In A Long Walk, Jensen photographs the “worn-down, ill-fitting and jerry-rigged shoes” these refugees used to flee Khartoum’s campaign of violence.

“To be chosen for the Inge Morath Award by a jury as diverse and accomplished as the members of Magnum is something beyond my comprehension at the moment,” Jensen tells TIME in an email. “This is not a typical documentary project, so the affirmation is particularly appreciated.”

Three years ago, she adds, “a Magnum photographer advised me to trust myself, to stop worrying about taking ‘good’ pictures. He also suggested that I think beyond just assignment photography and consider the Inge Morath Award as inspiration, so it is very rewarding to now be selected for the award with a series of understated images that are very dear to me.”

Jensen plans to use the money from the award to return to South Sudan with a writer, and “produce what I hope will be an unusual book project,” she says.


Shannon Jensen is a US photographer represented by Reportage by Getty Images. She is based in the United Kingdom and South Korea.

Olivier Laurent is the editor of TIME LightBox. Follow him on Twitter and Instagram @olivierclaurent.


TIME Money

And the World’s Most Expensive City for Expats Is…

Caracas, Venezuela
Getty Images View of Central Caracas.

Down and out in Paris and London? Try spending a year in the world's biggest cost sinks, Venezuela, Angola or South Sudan

A new ranking of the world’s most expensive cities for expats knocked the usual candidates — New York, Tokyo and London — off of the list. The true epicenters of sticker shock were Venezuela, Angola and South Sudan.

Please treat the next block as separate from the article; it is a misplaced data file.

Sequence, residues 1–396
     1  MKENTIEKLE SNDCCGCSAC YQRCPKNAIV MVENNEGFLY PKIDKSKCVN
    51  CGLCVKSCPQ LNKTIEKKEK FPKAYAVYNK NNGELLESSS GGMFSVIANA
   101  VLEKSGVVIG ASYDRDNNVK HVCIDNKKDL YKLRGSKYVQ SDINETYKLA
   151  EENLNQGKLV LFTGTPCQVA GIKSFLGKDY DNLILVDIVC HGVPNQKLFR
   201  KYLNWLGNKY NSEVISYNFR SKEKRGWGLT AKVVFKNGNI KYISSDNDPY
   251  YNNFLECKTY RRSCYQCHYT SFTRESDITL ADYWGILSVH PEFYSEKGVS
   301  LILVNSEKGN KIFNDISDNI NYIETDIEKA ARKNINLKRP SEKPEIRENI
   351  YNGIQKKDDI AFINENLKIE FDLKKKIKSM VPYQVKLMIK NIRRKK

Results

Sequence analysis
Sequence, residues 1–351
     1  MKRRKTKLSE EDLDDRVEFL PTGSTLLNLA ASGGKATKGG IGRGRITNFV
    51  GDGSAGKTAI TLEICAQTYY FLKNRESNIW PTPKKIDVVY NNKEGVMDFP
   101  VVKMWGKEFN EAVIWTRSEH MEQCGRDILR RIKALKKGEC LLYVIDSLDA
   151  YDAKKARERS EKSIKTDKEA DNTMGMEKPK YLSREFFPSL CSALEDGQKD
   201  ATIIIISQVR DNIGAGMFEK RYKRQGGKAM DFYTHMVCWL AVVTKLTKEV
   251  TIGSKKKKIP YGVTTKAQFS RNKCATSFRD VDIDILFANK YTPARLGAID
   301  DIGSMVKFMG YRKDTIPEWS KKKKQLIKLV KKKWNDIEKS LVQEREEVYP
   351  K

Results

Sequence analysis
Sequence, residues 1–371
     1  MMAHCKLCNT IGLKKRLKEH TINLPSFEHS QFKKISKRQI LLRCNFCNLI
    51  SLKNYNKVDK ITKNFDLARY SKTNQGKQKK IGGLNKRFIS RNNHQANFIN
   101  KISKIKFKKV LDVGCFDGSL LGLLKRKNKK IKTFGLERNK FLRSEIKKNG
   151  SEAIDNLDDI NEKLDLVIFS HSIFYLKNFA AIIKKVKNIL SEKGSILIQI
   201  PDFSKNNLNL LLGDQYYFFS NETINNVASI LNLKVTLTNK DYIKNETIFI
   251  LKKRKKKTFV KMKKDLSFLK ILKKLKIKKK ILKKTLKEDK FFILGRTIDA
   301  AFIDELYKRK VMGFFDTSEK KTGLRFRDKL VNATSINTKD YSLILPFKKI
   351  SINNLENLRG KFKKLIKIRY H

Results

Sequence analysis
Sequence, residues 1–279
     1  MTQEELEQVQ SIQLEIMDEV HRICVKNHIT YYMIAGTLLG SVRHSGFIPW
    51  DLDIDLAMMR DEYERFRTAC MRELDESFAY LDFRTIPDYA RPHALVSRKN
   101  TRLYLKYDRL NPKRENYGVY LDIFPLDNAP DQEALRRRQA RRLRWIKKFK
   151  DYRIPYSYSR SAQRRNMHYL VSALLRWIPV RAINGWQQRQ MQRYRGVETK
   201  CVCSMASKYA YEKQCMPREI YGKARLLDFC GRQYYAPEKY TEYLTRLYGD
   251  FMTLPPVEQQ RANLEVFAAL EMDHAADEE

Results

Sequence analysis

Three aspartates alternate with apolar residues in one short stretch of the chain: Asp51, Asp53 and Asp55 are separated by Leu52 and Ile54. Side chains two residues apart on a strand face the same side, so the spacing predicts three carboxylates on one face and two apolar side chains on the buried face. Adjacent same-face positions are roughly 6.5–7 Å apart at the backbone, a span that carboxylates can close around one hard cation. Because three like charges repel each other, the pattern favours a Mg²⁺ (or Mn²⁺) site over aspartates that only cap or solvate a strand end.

Global staffing firm ECA International surveyed prices in 440 cities, focusing on items that expats were most likely to buy on a daily basis, including groceries, clothing and bar tabs. The cities that topped the list tended to fall in one of two areas: Wealthy swathes of Scandinavia and economies coming apart at the seams.

Caracas, Venezuela topped the list after runaway inflation hurdled the city from 32nd place to 1st in one year. Surveyors found price levels 40% above the second costliest city: Oslo, Norway. Luanda, Angola came in third partly due to import tariffs that have hiked the price for a half-liter tub of vanilla ice cream to $31. Rounding out the list was Juba, South Sudan, where a 90 kilometer drive along one of the only continuous roads to the outside world can take upwards of 24 hours to navigate, according to the World Bank.

The list offers a stark reminder that outside of the world’s most popular tourist destinations, the real sticker shock tends to hit the people who can least afford it.

Global Rank 2014 Country City
1 Venezuela Caracas
2 Norway Oslo
3 Angola Luanda
4 Switzerland Zurich
5 Switzerland Geneva
6 Norway Stavanger
7 Switzerland Bern
8 Switzerland Basel
9 South Sudan Juba
10 Denmark Copenhagen

Source: ECA International